III. Another cognate to Unity is EQUALITY, which is a sort of unity in Quantity -- unity, that is, of measure. But the discussion of this Attribute will find a more appropriate place under the Category of Quantity. It may be described as the correspondence or agreement in quantity of distinct things.

IV. Another cognate to Unity is SIMILARITY, which is a sort of unity in Quality, but, for the same reason, its consideration will be reserved. It may be described as the agreement in quality of distinct things.

V. Yet another cognate to Unity is UNICITY, which consists in the negation of multitude. A unique being is one not only undivided in itself, but excluding any other like it. It is the sole of its kind, not one simply, but the only one.

VI. MULTITUDE or MULTIPLICITY is the opposite of Unity. It may be said to be a collection of distinct unities or entities. It therefore presupposes that each of the entities is one in itself, and that one is not the other. The collection may be purely conceptual or real. It may he causal or fortuitous, natural or artificial; but that which Multitude formally denotes is division of entities from each other. Accordingly St. Thomas says that multitude adds to those things which are called many, that each one of them should be one, as well as that no one of them should be the other; and in this latter consists the essential idea of distinction.'{2}

VII. DISTINCTION is opposed to Identity, and is the foundation of Multiplicity, as St. Thomas sufficiently intimates in the last words of the passage just cited. It may be described as the Otherness of Being, or that which causes it to be not the same as any other; and is, therefore, as it were identified with that consequence of Unity, to which reference has been already made. Not unfrequently it is identified with DIVISION in its passive signification; but, formally considered, it would seem as though the latter were the effect of the former as its cause. It is obvious from what has been said, that Distinction and Division, like Multitude, presuppose Transcendental Unity.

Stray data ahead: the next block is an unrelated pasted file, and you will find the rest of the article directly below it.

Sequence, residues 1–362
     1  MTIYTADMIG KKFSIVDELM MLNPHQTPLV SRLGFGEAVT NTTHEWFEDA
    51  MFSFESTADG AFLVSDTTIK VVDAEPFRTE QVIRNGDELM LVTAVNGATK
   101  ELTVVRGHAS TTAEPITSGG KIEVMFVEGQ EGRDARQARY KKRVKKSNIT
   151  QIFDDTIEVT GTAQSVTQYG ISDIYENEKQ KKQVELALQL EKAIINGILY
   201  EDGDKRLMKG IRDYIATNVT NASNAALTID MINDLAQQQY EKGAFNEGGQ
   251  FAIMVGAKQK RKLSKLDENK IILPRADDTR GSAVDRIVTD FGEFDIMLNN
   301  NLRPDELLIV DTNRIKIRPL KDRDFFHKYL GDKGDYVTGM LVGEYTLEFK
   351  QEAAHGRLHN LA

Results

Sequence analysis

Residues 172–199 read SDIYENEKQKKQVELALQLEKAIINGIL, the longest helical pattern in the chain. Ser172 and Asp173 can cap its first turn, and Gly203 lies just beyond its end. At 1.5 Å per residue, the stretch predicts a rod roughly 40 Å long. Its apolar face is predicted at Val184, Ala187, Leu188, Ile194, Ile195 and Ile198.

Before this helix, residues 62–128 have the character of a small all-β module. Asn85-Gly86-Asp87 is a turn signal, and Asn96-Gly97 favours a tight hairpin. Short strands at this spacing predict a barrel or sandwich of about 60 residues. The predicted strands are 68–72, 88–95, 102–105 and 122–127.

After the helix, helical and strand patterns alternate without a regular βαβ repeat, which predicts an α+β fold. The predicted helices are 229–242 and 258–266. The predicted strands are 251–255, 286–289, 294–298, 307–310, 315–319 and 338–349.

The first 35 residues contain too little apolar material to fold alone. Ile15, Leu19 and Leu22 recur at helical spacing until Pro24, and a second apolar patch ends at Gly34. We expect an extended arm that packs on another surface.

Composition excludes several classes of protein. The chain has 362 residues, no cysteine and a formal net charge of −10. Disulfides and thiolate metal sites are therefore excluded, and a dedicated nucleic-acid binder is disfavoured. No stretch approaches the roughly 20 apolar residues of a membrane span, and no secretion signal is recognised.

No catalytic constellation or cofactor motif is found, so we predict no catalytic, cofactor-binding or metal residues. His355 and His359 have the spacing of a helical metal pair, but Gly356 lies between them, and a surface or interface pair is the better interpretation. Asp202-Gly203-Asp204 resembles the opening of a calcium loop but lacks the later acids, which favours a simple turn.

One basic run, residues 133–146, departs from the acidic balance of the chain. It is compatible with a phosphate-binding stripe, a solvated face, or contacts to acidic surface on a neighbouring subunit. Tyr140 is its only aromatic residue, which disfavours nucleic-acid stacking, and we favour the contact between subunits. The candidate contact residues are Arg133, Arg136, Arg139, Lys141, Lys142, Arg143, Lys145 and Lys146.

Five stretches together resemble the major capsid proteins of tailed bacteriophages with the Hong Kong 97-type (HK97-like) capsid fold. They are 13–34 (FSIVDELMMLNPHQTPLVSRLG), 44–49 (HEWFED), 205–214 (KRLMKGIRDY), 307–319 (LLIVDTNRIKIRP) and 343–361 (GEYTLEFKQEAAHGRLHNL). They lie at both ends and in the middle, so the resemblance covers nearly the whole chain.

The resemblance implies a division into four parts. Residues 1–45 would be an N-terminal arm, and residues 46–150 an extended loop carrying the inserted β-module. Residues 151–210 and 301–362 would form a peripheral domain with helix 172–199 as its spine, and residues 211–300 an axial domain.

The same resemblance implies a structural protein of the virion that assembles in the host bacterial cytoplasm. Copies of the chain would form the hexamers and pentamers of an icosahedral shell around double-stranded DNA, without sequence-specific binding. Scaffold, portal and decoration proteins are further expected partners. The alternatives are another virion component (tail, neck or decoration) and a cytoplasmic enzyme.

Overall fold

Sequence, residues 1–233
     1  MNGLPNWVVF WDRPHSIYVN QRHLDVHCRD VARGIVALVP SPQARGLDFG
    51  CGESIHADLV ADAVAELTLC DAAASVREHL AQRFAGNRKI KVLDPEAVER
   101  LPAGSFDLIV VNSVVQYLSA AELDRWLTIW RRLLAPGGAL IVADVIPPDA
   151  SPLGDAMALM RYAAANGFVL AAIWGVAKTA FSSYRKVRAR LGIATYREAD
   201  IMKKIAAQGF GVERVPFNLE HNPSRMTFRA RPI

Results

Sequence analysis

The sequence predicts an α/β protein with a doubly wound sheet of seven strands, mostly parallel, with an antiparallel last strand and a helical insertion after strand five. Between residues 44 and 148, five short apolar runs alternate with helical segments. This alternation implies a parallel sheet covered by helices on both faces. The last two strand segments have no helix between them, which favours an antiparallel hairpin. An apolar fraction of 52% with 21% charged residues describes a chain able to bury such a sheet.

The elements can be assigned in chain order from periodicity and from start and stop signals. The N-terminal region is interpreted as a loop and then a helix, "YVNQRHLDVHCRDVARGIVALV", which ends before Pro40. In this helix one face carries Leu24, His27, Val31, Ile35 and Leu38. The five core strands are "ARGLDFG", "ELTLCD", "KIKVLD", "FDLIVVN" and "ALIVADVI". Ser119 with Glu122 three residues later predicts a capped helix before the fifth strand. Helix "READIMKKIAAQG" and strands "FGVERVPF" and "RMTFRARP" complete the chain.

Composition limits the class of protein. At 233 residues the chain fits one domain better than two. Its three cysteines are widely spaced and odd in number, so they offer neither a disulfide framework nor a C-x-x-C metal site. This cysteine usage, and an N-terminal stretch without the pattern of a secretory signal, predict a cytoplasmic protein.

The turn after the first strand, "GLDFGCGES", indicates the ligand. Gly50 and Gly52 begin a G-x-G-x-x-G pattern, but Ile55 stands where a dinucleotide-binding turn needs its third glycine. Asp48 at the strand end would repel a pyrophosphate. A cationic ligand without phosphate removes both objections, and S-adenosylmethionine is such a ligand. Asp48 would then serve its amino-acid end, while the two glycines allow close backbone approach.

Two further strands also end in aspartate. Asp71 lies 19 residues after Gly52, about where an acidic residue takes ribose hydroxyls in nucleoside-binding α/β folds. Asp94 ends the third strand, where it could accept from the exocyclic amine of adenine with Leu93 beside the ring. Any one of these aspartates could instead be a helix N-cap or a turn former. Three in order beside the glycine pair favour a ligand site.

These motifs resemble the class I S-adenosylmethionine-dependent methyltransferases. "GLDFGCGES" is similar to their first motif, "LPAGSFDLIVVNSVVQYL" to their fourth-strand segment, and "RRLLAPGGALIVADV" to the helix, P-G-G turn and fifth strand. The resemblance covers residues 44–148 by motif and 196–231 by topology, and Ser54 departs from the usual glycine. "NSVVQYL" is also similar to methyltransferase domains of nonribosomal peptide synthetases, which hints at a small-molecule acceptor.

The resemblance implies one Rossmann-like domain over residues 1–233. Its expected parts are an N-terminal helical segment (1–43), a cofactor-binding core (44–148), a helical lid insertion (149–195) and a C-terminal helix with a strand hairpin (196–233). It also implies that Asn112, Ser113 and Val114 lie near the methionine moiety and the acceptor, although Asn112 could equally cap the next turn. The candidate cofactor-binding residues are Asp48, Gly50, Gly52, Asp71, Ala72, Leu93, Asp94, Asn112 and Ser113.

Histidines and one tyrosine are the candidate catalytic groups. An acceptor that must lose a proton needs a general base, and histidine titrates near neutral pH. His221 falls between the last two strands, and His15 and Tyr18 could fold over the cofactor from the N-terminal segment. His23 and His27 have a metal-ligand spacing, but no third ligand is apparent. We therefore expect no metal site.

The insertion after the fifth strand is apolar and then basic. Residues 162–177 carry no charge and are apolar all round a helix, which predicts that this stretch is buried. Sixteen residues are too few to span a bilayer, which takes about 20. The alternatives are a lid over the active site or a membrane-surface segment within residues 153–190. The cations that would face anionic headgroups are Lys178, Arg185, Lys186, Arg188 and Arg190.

VIII. To Equality is opposed Inequality; to Similarity, Dissimilarity.

IX. UNIVERSAL (Generic or Specific) UNITY is opposed to Unicity.

After these preliminary observations, it follows now to pursue the inquiry touching the nature of Transcendental Unity and the position which it occupies face to face with its opposites. These questions will be resolved in the following Propositions.

{1} 'Unum enim nihil aliud significat quam ens indivisum. Et ex hoc ipso apparet quod unum convertitur cum ente. Nam omne ens aut est simplex aut compositum. Quod autem est simplex, est indivisum et actu et potentia. Quod autem est compositum, non habet esse, quamdiu partes ejus sunt divisae, sed postquam constituunt et componunt ipsum compositum. Unde manifestum est, quod esse cujuslibet rei consistit in indivisione; et inde est quod unumquodque, sicut custodit suum esse, ita custodit suam unitatem.' xi, I, c.

{2} 'Multitude . . . addit supra res quae dicuntur multae, quod unaquaeque earum sit una, et quod una earum non sit altera; in quo consistit ratio distinctionis.' De Potentia, Q. ix, a. 7, c, v. ft.